Merchants National Bank v. Weinold, 12 Ill. App. 2d 209 (1956)

Dec. 20, 1956 · Illinois Appellate Court · Gen. No. 10,952
12 Ill. App. 2d 209

Merchants National Bank of Aurora, Trustee Under Trust No. 401, Plaintiff, v. Margaret Bird Weinold, and Martha Ellis Wagner, Defendants. Margaret Bird Weinold, Certain Defendant-Appellant, v. Martha Ellis Wagner, Certain Defendant-Appellee.

Gen. No. 10,952.

Second District.

December 20, 1956.

Released for publication January 5, 1957.

*210John GK Plain, of Aurora, for appellant.

Hempstead, Redman & Shearer, of St. Charles, for appellee.


delivered the opinion of the court. This is a complaint by The Merchants National Bank of Aurora, as trustee under a trust agreement *211executed by Winifred B. Colby, as settlor, and the bank, as trustee, against Margaret Bird Weinold and Martha Ellis Wagner, defendants. In its complaint, the bank asked that a determination be made as to the rights and interests in the trust assets of the defendants, the present ostensible beneficiaries under the trust agreement, by reason of the death of Winifred B. Colby, the settlor, and as to what effect, if any, the Last Will and Testament of Winifred B. Colby had upon the trust assets at the time of her death, and as to whether the will of the settlor revoked the trust agreement. The complaint also asked that the bank’s appointment as trustee be confirmed, and its acts ratified, and there were attached copies of the trust agreement, the settlor’s will, and the trustee’s final account for the period December 19,1952-March 30,1954.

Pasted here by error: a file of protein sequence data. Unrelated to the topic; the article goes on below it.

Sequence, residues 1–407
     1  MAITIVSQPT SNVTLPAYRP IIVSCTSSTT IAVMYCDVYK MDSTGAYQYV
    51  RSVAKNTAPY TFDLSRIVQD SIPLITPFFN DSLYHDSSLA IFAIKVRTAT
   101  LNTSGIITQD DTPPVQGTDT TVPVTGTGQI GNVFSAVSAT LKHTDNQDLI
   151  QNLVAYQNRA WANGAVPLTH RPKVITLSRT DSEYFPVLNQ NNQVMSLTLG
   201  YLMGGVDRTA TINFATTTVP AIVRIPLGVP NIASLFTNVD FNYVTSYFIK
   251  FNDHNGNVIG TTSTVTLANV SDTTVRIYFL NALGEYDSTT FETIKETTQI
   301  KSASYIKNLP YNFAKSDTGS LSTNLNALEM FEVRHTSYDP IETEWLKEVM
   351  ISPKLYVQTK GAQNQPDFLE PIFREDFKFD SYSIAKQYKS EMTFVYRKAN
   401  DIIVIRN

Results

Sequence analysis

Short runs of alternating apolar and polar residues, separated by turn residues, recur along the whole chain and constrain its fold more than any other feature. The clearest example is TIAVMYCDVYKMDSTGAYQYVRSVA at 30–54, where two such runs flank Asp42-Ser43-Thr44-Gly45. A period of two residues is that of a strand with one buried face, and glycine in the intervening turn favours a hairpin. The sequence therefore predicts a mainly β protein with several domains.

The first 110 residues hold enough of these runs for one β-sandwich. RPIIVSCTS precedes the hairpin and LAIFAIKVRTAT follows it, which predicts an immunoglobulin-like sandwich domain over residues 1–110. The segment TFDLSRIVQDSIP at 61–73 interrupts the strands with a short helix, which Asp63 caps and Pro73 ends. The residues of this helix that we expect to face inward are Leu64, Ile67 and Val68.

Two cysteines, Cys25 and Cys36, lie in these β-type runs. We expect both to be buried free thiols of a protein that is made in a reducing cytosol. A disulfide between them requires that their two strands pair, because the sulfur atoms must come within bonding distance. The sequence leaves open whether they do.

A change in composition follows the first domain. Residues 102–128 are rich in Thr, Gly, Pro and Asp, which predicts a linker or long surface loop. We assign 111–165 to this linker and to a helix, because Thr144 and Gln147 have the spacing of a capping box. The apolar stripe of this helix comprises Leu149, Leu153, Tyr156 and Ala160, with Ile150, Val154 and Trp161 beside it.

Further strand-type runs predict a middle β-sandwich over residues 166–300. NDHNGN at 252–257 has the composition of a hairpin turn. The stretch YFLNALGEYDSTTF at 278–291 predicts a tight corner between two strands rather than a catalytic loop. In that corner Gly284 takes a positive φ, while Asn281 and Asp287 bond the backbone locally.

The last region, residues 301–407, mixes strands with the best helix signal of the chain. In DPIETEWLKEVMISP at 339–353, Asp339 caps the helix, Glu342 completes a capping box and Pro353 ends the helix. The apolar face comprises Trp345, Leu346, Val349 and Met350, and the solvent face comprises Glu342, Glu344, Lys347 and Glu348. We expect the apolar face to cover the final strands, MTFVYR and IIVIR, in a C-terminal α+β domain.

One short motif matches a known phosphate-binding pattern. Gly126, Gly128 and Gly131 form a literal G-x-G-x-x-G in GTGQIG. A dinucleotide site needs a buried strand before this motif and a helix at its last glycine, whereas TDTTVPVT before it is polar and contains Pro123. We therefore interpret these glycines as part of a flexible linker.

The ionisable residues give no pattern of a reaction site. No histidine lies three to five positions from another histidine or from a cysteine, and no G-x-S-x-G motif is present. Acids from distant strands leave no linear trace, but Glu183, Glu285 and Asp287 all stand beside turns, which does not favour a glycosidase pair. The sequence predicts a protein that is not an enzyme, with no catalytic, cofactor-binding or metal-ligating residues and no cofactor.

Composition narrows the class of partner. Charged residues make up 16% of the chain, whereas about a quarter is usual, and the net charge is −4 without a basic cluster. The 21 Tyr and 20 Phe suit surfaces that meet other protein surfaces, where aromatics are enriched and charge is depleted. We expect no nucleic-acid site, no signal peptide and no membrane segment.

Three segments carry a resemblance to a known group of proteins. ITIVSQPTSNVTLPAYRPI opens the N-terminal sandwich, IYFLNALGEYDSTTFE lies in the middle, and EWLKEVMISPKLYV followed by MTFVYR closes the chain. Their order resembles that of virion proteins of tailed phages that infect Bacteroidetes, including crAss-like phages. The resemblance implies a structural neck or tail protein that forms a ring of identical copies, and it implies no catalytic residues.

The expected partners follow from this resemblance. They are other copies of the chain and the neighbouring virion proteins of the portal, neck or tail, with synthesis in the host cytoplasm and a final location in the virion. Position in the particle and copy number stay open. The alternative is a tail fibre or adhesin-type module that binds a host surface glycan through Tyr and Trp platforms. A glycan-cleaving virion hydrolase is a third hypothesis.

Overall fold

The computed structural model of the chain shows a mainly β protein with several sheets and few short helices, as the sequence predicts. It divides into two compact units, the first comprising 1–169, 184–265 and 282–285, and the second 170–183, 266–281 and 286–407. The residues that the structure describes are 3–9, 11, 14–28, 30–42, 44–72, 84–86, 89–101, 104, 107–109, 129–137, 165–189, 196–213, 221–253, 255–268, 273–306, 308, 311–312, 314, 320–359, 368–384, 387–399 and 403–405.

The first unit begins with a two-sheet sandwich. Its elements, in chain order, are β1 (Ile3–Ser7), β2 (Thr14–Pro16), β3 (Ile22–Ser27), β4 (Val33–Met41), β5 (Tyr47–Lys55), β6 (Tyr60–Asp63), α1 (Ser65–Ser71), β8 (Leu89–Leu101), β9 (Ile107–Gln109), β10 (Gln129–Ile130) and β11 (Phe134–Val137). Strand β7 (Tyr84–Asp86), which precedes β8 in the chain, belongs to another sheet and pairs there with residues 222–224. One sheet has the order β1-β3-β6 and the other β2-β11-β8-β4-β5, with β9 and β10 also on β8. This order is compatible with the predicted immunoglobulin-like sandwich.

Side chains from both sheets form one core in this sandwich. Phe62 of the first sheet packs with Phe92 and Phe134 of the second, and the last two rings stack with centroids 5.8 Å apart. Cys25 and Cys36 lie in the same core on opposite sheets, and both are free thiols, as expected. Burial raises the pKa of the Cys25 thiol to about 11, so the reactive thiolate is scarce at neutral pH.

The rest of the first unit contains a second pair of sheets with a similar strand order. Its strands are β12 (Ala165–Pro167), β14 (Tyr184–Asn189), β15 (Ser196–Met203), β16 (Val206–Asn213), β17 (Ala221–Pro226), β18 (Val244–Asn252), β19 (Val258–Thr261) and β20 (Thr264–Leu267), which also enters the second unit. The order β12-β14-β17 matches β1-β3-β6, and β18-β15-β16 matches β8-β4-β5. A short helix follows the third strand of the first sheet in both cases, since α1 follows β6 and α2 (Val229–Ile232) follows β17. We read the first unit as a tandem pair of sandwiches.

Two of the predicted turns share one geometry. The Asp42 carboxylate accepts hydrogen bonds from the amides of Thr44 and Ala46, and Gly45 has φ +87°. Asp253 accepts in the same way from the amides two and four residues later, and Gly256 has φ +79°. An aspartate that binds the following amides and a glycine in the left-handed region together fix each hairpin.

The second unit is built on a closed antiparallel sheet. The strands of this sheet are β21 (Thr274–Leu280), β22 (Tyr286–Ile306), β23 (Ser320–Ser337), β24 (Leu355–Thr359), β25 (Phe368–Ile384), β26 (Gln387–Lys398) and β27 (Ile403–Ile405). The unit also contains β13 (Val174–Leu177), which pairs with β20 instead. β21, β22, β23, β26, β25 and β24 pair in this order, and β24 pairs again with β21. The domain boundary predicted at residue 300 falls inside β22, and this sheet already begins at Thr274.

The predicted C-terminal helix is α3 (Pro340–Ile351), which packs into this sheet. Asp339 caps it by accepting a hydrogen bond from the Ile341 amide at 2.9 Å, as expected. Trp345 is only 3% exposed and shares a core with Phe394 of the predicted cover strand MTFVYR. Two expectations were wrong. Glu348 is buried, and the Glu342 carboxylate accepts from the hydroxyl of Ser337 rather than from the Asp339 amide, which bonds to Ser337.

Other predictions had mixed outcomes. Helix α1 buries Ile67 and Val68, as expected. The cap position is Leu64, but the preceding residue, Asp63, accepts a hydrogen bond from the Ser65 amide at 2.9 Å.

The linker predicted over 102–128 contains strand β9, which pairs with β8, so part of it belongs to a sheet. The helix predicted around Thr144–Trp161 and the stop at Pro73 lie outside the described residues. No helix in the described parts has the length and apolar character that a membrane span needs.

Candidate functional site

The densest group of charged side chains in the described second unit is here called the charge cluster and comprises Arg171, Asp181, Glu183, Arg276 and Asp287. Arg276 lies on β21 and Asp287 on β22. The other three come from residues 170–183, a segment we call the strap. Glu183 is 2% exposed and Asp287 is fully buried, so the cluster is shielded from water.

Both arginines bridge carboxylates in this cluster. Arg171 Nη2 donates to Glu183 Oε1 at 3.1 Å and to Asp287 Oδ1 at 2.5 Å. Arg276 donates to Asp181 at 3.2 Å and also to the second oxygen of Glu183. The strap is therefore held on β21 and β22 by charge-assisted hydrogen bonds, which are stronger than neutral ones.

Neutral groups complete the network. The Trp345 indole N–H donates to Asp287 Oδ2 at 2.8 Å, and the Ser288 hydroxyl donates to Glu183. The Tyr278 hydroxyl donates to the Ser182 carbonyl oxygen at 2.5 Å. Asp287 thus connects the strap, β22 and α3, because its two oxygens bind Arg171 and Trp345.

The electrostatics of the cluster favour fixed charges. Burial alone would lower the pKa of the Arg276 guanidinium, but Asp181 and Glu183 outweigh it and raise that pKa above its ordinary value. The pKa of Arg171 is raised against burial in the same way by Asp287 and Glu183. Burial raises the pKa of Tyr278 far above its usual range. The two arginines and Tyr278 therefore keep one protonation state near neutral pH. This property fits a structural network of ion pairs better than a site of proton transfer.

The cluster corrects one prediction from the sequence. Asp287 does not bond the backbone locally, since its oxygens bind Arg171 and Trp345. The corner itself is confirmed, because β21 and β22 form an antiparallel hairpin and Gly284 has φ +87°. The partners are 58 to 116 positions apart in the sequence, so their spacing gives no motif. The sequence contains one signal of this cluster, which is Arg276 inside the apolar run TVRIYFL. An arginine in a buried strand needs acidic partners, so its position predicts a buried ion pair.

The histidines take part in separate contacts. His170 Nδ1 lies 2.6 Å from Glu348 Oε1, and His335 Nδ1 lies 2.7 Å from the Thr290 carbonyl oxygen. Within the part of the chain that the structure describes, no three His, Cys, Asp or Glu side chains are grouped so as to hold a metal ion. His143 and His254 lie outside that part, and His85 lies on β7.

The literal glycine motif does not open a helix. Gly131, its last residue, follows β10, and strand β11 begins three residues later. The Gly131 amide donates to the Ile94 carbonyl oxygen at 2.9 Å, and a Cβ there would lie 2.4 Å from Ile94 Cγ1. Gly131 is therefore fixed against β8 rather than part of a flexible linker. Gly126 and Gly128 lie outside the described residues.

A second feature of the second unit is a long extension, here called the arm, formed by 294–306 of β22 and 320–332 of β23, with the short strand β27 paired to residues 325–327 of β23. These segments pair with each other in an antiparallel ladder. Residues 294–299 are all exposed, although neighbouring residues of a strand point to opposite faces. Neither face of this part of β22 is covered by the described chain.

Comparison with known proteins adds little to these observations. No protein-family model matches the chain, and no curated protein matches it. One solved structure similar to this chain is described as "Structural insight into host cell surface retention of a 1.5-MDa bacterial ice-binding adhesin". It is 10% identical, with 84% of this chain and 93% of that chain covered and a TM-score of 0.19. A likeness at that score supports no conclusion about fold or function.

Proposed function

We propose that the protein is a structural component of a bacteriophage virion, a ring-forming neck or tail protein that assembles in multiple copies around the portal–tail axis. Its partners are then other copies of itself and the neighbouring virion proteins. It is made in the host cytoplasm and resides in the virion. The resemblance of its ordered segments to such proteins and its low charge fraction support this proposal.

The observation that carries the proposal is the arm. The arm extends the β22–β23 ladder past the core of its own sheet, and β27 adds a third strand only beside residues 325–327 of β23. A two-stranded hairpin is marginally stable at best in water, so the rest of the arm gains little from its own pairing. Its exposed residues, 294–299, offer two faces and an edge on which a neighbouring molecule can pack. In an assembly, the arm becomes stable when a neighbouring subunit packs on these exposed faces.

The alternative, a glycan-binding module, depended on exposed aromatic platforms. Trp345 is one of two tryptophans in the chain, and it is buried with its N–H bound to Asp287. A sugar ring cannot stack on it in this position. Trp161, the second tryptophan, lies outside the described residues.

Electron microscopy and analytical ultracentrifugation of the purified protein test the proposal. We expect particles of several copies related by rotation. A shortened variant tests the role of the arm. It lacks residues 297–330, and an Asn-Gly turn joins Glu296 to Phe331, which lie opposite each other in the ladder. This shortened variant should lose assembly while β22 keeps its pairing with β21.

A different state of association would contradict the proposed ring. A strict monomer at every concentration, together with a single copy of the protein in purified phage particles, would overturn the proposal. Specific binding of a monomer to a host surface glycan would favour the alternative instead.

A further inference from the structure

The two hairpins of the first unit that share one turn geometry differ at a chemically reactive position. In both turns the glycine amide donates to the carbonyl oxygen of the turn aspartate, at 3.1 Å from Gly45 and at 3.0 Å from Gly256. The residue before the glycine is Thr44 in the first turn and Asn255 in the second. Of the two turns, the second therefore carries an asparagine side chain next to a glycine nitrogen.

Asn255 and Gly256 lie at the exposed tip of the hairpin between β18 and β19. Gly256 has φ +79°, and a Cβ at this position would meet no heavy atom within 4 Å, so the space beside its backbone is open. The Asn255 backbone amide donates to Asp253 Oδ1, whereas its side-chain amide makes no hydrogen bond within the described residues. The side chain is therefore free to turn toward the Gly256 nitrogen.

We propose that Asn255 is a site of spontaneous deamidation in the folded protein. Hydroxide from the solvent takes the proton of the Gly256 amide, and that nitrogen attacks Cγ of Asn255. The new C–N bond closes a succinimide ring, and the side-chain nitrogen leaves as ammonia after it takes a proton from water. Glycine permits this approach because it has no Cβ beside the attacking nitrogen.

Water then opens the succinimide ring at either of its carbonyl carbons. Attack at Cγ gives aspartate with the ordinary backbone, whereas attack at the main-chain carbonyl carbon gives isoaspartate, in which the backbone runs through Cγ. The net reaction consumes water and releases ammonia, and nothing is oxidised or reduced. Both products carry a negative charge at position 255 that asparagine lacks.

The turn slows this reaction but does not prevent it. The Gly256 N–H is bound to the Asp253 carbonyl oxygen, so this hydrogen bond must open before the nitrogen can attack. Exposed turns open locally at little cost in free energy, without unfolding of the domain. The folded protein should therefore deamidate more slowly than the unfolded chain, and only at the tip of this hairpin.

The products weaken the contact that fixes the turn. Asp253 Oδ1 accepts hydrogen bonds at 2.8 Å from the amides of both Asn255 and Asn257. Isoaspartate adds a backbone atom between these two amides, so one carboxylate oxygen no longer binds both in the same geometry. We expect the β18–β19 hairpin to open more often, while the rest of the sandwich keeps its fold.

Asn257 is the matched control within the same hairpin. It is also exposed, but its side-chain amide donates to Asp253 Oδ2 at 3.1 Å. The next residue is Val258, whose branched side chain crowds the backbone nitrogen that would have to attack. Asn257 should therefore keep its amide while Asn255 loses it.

The answer of the defendant Margaret Bird Weinold, appellant, in substance, admitted the factual allegations of the complaint, and alleged the trust agreement created a valid inter vivos trust, not testamentary in character, and that the trust estate should be distributed pursuant to the terms of the trust agreement, upon the decease of the settlor, that the settlor created a completely executed trust, which was never revoked, cancelled, or amended, that the trustee at all times after creation of the trust held the trust assets as trustee, that the trust was in full force and effect upon the decease of the settlor, and that the distribution by the bank, as trustee, to itself as executor was wrongful and contrary to the terms of the trust agreement, and that she is entitled to one-half of the trust assets.